The Importance of Clinical Research Trials


Every day, thousands of people volunteer to take part in clinical research trials. It is because of their willingness to participate in these studies that modern medicine is able to meet the challenge of continuing to find new, improved treatments and cures. But what exactly are clinical research trials? Basically, these are scientific studies of medication use in people, designed to answer specific questions. These studies are the basis by which medical researchers and pharmaceutical companies develop new and improved therapies for human diseases.


People choose to participate in clinical research for a variety of reasons. Some enjoy the opportunity to further science; others desire early access to new, still experimental medications; some use clinical research to gain access to highly sought after physicians or specialists; or to obtain medical care not covered by their insurance plans. Others simply enjoy the camaraderie, education and close medical attention afforded by frequent visits to the site where the research is being conducted. Patients may be paid for their participation in studies.


Should you volunteer?

Clinical research is not for everyone. Some people may be hesitant to participate in research due to concerns about the safety of the study medication and how well it may work, their own time constraints and various other concerns. To help you make a more informed decision regarding your own or your child’s participation in clinical research studies, it’s important to understand the process of drug development; U.S. Food and Drug Administration (FDA) requirements for the development and approval of new medications; and federal regulations that protect the rights of clinical research participants.

New Drug Testing

To ensure that drugs are safe for humans, drug testing is done as follows:

  • Drugs are initially developed and evaluated in the laboratory to ensure that each drug possesses the desired characteristics and actions.

  • If a drug appears to have the desired properties, it is then tested in animals to determine what, if any, side effects the drug may cause. A wide range of doses are administered to test for side effects, both at the estimated human dose level as well as in large overdoses to determine possible toxic effects.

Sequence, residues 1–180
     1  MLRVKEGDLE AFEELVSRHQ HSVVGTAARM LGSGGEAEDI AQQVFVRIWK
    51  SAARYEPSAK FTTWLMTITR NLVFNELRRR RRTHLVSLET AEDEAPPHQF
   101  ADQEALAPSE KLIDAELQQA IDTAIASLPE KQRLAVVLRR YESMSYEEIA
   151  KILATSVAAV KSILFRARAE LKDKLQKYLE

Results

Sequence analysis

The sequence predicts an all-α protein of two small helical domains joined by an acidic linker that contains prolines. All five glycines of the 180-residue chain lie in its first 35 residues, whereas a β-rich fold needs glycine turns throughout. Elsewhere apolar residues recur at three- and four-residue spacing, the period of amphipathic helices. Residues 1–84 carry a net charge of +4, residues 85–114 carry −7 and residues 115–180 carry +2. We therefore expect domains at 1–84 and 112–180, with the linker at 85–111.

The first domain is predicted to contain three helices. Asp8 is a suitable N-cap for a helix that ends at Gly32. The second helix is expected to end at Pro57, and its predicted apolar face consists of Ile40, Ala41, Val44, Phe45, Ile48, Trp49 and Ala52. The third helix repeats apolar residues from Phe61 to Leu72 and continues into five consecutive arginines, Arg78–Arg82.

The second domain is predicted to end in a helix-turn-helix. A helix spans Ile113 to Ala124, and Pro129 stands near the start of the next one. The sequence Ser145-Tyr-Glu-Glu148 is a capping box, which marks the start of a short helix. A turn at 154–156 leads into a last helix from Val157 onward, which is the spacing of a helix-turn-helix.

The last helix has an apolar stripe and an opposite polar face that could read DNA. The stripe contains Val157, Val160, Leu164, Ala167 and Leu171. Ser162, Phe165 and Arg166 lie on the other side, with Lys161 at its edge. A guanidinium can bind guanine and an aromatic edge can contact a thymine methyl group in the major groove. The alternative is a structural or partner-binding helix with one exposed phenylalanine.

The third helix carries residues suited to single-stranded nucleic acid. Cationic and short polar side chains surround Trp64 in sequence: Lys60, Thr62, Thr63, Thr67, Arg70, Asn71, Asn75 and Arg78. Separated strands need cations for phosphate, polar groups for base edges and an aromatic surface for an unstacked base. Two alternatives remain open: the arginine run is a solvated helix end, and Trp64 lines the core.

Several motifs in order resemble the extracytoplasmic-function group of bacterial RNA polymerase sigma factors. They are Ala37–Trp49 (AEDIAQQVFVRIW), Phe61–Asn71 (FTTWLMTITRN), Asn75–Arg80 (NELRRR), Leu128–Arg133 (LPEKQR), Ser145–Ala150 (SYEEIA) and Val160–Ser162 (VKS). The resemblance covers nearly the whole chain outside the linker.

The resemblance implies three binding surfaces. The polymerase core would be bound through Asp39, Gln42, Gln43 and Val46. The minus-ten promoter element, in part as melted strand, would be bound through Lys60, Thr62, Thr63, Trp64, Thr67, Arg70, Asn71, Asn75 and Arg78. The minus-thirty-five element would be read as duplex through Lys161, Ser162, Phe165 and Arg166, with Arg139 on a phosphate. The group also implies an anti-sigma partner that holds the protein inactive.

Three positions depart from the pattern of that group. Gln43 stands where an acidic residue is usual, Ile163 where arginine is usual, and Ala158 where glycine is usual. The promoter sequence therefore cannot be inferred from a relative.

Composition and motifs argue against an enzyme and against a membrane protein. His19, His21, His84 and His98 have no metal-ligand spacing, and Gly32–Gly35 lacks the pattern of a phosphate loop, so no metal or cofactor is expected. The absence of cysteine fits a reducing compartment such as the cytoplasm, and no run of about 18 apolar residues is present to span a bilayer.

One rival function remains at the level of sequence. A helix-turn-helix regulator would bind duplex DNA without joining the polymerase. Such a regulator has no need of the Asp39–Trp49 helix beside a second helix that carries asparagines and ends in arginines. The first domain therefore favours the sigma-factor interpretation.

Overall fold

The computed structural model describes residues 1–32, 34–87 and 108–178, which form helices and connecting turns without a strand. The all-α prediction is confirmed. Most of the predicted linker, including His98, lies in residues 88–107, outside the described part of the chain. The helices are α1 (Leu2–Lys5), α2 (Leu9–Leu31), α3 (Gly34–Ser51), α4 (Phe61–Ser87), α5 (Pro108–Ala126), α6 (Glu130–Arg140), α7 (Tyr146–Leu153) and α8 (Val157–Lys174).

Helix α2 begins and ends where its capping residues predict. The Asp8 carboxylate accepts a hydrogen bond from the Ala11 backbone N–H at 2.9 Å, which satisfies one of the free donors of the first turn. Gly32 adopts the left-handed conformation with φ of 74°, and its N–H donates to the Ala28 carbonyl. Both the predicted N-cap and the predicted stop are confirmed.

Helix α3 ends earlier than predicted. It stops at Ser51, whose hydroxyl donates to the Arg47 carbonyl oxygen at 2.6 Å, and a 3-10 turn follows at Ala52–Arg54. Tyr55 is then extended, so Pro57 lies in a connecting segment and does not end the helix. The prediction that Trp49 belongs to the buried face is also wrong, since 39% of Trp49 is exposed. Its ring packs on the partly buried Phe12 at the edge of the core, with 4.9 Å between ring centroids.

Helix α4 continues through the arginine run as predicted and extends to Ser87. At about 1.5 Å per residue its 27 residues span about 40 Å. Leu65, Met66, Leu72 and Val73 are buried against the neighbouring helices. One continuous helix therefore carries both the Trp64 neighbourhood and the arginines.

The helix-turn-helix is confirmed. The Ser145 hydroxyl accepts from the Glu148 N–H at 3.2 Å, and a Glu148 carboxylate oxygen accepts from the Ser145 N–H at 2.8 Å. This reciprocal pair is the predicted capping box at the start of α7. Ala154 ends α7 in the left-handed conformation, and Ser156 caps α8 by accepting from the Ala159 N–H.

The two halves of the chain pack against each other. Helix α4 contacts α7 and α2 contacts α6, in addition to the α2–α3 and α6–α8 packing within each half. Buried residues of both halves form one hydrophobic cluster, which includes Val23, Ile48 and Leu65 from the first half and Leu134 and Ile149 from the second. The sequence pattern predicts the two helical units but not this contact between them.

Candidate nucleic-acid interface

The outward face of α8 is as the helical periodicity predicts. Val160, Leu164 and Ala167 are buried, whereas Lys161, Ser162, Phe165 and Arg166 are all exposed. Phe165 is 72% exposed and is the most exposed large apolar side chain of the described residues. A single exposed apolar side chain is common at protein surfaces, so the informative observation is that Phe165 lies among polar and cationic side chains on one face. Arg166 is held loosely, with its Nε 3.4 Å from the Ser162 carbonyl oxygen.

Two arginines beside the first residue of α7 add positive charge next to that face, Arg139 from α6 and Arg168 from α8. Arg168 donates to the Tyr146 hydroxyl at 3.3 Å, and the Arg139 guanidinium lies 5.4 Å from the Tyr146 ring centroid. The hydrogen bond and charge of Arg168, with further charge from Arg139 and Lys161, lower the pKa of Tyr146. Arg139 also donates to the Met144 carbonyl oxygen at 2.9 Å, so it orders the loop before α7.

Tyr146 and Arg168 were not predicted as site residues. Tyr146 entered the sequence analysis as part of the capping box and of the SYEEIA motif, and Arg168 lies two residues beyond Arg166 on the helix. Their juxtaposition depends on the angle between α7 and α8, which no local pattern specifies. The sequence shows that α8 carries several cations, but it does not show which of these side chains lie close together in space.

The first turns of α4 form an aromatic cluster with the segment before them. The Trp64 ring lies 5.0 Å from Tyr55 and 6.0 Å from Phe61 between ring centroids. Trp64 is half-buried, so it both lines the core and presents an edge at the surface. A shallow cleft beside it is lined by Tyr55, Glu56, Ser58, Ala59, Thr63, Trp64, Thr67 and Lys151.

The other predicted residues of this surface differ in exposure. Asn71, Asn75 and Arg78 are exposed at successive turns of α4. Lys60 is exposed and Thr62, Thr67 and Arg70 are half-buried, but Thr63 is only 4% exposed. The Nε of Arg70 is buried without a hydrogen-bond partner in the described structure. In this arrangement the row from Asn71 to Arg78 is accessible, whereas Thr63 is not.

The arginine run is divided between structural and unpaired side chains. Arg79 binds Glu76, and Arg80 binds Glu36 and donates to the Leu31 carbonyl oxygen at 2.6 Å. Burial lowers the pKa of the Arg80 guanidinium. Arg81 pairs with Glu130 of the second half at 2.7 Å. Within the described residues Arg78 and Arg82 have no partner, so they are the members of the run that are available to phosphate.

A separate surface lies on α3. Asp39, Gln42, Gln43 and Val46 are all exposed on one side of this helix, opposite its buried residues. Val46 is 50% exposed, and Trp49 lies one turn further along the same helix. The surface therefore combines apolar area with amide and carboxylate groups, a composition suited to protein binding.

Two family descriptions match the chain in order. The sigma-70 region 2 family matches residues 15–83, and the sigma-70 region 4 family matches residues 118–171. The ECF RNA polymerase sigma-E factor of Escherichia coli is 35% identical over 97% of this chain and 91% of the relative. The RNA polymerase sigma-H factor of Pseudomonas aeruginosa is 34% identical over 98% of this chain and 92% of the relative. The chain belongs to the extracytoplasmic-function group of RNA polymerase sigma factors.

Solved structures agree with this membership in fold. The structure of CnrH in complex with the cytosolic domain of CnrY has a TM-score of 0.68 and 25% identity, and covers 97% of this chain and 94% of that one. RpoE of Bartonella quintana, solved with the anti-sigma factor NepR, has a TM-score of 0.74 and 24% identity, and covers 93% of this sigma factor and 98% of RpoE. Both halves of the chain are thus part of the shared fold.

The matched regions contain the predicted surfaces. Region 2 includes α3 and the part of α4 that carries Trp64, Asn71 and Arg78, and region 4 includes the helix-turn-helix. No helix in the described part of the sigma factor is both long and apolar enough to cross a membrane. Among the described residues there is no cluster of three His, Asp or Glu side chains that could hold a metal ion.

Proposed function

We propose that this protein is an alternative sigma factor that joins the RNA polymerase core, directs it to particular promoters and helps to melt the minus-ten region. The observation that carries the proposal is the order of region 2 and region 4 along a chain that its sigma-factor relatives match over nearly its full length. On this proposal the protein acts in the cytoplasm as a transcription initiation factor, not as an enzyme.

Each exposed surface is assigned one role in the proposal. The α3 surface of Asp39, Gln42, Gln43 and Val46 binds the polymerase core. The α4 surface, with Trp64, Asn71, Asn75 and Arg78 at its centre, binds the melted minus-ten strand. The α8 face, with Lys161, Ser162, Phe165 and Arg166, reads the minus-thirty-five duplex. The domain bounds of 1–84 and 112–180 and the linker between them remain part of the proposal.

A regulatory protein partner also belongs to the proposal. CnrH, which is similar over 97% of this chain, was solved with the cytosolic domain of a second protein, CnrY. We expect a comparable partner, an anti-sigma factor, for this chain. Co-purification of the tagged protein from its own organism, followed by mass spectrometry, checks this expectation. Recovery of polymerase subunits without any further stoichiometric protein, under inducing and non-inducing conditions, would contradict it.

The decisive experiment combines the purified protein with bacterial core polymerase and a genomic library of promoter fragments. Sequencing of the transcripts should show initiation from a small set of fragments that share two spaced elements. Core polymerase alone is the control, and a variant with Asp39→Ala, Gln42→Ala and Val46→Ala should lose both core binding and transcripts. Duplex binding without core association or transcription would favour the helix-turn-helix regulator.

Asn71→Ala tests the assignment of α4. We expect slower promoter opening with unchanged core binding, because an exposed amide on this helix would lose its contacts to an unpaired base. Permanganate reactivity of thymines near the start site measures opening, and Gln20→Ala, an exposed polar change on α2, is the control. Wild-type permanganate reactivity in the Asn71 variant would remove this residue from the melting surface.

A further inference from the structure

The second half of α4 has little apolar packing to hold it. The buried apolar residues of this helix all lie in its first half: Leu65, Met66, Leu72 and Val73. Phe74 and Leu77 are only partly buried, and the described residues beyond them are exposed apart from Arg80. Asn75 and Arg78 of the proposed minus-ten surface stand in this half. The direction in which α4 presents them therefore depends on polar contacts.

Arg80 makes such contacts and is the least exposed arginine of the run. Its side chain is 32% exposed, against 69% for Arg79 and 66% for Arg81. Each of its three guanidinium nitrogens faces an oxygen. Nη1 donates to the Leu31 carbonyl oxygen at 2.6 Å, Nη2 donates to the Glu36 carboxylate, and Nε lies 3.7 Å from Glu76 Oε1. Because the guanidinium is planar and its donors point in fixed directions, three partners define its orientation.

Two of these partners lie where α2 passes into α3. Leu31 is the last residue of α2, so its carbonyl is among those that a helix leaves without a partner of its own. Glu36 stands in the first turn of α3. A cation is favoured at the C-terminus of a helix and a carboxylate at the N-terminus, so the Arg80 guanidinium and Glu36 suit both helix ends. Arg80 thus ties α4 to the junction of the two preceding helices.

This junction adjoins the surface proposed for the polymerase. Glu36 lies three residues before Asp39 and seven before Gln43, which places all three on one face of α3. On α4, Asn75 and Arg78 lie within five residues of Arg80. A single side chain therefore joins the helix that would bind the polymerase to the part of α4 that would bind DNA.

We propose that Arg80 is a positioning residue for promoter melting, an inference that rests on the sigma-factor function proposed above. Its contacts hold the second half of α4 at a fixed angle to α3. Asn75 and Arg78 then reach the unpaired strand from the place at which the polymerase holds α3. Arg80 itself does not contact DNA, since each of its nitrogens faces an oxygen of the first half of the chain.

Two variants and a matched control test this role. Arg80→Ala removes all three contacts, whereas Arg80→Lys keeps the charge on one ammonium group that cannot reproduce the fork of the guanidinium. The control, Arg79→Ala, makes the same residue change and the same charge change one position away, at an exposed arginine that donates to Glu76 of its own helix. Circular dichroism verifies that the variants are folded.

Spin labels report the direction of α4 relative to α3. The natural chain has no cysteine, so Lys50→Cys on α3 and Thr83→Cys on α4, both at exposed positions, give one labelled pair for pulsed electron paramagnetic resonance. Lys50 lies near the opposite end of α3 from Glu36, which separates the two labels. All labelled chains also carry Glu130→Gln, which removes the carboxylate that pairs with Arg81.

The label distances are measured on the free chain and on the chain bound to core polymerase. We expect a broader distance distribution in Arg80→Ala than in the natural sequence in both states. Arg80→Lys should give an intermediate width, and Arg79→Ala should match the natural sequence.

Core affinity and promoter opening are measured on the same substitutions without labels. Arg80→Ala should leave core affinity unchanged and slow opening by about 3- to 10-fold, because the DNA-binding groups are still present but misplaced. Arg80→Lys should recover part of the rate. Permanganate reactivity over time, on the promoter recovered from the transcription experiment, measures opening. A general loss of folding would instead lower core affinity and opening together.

• The candidate drug is also given to pregnant animals to determine whether it has any adverse effects on the developing fetus. This is to help determine whether the drug would be safe for pregnant women.

  • If the candidate drug appears to be safe in test animals, it is then ready to be tested in humans.


Clinical studies on humans

Before an experimental medication is tested in humans, an Investigational New Drug (IND) application must be filed with the FDA. After reviewing all of the laboratory and animal data, the FDA will either approve the IND if they think the drug appears safe enough to be tested in humans, or deny the application if the risks appear unacceptably high. If the IND is approved, the first phase, called a Phase I trial, of advanced drug development begins. This phase usually involves testing the drug in normal adults, followed by adults with the disease targeted by the drug, to determine the safety of the drug at various doses.

Phase I trials are followed by larger Phase II trials in which the effectiveness and safety of the drug is tested over a range of doses. These are generally multi-centered, placebo-controlled, multi-dose, blinded trials. This means that the exact same study is conducted in multiple medical centers across the country. Individual subjects participating in the trial may be on one of several doses of the real medicine or on an inactive placebo (fake). Neither the investigator (research doctor) nor the subject know what the subject is actually getting. The purpose of these studies is to determine scientifically whether the drug is effective compared with a placebo, and if so, what the optimal dose might be. This approach is usually the only way to know for sure if a drug is safe and effective.

Once an optimal dose is determined, even larger multi-center Phase III trials are conducted to establish the safety and effectiveness of long-term treatment (usually up to 12 months). After successful completion of Phase III trials, the pharmaceutical company submits to the FDA a new drug application containing all of the data collected from all of the trials. After thorough evaluation of each piece of data, the FDA acts on the application, approving the new drug only if safety, efficacy and drug stability are proven. The whole process, from the pre-clinical laboratory stage to final approval, takes about 10 years.